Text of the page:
The American Psychological Association has long studied this issue. It has consistently found that converting homosexuals to heterosexuals not only cannot be done through any common method, but also that the methods employed often cause great damage, distress and unhealth. There simply isn’t any compelling evidence out there for success on this matter. Yes people can struggle to live without love, but have yet to change who they love. To be able to chose who we fall in love with would be convenient, but this is not the nature of the human condition. And I very much feel that making someone think their love is invalid or sinful would be a keen trick of the devil if anyone.

    I would suggest studying the Bible, before translation, using the original words. Many different words are translated to read homosexual, but this word has not even existed for more than 150 years. So what words are translated and from what context to read this way?

    People often point to Leviticus when arguing their case and the Bible’s condemnation of homosexuality. But what does the rest of Leviticus say? What people was Leviticus intended to apply to?

    This to me is a starting point about educating oneself regarding the Bible. We have done so much damage to ourselves with our assumptions and judgements regarding how we believe things should be. I think because so many have been caused so much pain by groups who seek to reform homosexuals, some people push against this. In the end, whether you are Fred Phelps or a Christian trying to help someone change (whether their orientation or just whether they act on their orientation) you share one thing in common: having taken it upon yourself to judge something is wrong with being a homosexual in the first place.

    If you want to take things that far, I would hope for a serious study of what the Bible says about it–including and back to the original words and cultures.

    – John

  5. Jeff Post author

    Responding to John:

    Thanks for your comments, John. I’m in total agreement with you that to try to get people to “change who they love” is a very difficult thing to do. Just ask any parent of any teenager and you’ll find that who they love is who they love and that’s about it.

    I think the same goes for all of us. There are very many environmental, biological, and sociological factors that figure into who we love. However, we all are aware of the huge human propensity to fall in love with someone who isn’t good for us! Companies like eHarmony exist because falling in love is easy, but finding the right person to fall in love with is very difficult. I hope that makes sense.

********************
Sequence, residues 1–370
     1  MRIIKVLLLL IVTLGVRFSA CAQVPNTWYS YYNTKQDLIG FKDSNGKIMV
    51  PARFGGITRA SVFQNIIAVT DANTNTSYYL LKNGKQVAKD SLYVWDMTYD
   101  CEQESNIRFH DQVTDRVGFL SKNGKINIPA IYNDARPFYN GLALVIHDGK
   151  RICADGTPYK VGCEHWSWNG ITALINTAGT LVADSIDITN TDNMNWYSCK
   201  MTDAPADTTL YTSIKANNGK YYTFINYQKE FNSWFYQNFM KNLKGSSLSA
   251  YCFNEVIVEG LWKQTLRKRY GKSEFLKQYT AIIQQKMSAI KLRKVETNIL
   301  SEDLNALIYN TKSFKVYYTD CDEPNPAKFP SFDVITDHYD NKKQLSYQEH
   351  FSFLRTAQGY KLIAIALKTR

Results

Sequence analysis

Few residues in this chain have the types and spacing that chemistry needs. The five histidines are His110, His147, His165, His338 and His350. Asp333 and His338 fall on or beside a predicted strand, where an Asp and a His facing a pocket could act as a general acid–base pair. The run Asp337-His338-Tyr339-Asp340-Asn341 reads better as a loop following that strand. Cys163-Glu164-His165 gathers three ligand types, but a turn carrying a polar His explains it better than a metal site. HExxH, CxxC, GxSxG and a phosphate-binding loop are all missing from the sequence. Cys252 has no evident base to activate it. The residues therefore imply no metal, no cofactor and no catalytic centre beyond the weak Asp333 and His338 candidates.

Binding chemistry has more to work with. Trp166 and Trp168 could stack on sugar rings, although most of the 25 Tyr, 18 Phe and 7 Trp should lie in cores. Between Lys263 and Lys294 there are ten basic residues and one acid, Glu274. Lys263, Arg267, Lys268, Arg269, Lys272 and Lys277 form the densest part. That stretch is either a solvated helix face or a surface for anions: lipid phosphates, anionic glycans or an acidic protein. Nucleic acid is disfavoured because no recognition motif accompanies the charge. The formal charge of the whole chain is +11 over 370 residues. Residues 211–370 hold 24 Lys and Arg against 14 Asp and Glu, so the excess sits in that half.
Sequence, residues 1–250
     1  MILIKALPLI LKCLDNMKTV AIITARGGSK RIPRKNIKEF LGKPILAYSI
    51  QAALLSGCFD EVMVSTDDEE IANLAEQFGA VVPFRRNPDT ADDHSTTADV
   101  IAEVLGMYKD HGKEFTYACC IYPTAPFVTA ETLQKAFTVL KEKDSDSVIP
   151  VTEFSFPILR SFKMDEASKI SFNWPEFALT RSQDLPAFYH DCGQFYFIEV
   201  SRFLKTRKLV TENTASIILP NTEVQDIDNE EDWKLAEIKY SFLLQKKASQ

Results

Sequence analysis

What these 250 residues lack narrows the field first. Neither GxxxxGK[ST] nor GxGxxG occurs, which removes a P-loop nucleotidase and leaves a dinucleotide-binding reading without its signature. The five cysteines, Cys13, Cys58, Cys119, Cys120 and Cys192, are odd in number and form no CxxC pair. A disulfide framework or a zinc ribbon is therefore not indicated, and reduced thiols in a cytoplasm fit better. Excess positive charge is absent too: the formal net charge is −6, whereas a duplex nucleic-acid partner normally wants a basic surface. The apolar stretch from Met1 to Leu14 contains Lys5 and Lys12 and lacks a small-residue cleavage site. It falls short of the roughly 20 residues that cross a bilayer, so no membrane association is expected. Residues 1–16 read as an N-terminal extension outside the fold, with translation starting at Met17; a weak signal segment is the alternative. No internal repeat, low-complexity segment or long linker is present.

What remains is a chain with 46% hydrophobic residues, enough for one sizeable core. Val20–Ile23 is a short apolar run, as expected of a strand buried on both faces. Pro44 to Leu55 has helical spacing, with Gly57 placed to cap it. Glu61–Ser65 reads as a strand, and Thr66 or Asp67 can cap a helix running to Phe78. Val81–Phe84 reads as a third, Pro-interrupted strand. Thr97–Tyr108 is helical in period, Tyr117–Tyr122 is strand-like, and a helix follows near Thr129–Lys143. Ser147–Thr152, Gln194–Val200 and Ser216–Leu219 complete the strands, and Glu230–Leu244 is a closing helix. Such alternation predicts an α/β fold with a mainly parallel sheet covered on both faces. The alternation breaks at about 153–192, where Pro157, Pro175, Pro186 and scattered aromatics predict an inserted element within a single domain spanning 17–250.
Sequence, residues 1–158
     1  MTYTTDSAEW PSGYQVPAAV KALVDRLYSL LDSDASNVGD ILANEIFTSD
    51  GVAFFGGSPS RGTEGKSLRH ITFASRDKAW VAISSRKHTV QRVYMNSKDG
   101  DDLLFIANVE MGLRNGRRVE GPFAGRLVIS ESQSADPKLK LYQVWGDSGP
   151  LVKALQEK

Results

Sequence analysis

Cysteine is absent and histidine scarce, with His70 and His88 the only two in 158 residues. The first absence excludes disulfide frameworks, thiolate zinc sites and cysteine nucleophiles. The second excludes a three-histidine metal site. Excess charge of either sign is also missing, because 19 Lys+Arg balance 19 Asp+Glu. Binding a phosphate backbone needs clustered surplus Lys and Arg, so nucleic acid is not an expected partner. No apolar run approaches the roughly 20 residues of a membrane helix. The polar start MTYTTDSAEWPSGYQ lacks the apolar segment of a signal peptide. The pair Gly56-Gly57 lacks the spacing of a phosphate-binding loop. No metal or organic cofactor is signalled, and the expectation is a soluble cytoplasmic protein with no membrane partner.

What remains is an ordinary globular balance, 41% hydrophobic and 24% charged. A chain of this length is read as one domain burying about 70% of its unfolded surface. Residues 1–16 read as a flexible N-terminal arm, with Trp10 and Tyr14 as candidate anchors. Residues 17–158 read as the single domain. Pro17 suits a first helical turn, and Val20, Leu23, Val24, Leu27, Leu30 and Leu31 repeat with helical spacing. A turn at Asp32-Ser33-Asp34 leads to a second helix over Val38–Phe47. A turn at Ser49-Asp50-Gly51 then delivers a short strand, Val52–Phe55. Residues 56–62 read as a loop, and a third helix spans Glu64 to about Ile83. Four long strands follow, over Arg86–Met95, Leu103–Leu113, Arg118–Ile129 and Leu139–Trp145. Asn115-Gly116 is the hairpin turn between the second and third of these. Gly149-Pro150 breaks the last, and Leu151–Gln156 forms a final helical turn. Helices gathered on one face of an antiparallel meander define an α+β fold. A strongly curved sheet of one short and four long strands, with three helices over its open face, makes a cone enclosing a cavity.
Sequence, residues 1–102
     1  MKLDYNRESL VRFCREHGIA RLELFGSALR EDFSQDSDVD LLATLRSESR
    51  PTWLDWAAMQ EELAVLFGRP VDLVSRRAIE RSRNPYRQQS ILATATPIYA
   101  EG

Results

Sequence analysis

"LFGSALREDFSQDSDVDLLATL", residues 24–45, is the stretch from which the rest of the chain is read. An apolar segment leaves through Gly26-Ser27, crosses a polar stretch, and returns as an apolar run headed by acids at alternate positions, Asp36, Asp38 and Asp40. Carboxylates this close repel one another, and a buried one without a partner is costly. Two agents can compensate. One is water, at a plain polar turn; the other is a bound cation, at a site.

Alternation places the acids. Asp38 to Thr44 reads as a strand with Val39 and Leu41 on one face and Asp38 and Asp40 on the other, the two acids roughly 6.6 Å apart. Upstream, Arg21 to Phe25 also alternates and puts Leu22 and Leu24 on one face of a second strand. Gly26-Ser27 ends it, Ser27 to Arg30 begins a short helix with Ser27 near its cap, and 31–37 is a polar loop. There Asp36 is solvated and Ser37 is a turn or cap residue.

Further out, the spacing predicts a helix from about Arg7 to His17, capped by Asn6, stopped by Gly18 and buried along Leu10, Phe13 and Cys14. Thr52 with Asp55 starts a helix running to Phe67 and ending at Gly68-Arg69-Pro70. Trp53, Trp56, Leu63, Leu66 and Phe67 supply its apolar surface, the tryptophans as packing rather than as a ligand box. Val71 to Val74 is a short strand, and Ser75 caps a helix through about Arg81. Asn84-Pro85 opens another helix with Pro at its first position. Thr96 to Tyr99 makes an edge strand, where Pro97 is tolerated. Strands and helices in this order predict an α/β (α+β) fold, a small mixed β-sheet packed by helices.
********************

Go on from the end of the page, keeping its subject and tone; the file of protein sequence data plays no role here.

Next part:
To be more clear, I don’t mean to communicate that people should endeavor to deny their feelings or try to change their love propensities, but I do advocate two clear things for both heterosexuals and those who claim to be homosexual:

    1. If the person you love isn’t beneficial to you, your life, and your relationship to God and others, then you must sever that relationship even if it hurts. Many have done this and later rejoiced. Many have failed to do this and later regretted it.
    2. No matter how strong your feelings are for a person, as a human being, you have the power to choose how you will act on those feelings. We could all agree that it is wrong for a man to pursue a woman married to another even if his feelings for her are stronger than any love he has ever known. Pursuing someone who is married to another is just wrong. That man needs to suck it up, be a man, control his impulses and do something about it to change the situation. In the same way, I believe a man who has sexual desires for another man can make the same decision to suck it up, be a man, control his impulses, and make some positive choices.

    Finally, there is one more thing I’d like to say to clarify my position. The Bible never condemns love in any fashion. A man who loves his horse is biblically ok. A man who loves his steak is ok. A man who loves other men is ok. There is no provision or prohibition about love other than the blanket statement that we should all love God more than anything else and then love others as ourselves. However, the Bible is very clear that there are morals surrounding sexual practices. To get into the original languages is something I am certainly qualified to do, and would happily engage in that if there was interest for it. However, I can summarize that study by simply saying that God in both the Old and New Testaments puts restrictions on particular sexual activities:

    * No intercourse with an animal.
    * No intercourse with a close relative by marriage or by blood.